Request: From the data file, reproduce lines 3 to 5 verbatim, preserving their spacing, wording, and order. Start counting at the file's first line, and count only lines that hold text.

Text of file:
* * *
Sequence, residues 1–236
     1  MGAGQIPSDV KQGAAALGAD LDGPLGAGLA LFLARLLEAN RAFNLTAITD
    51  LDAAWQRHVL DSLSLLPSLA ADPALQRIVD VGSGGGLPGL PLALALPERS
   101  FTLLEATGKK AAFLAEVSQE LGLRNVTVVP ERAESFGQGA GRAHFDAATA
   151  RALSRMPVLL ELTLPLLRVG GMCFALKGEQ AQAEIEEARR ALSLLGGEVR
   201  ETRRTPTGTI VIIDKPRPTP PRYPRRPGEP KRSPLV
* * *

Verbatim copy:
    51  LDAAWQRHVL DSLSLLPSLA ADPALQRIVD VGSGGGLPGL PLALALPERS
   101  FTLLEATGKK AAFLAEVSQE LGLRNVTVVP ERAESFGQGA GRAHFDAATA
   151  RALSRMPVLL ELTLPLLRVG GMCFALKGEQ AQAEIEEARR ALSLLGGEVR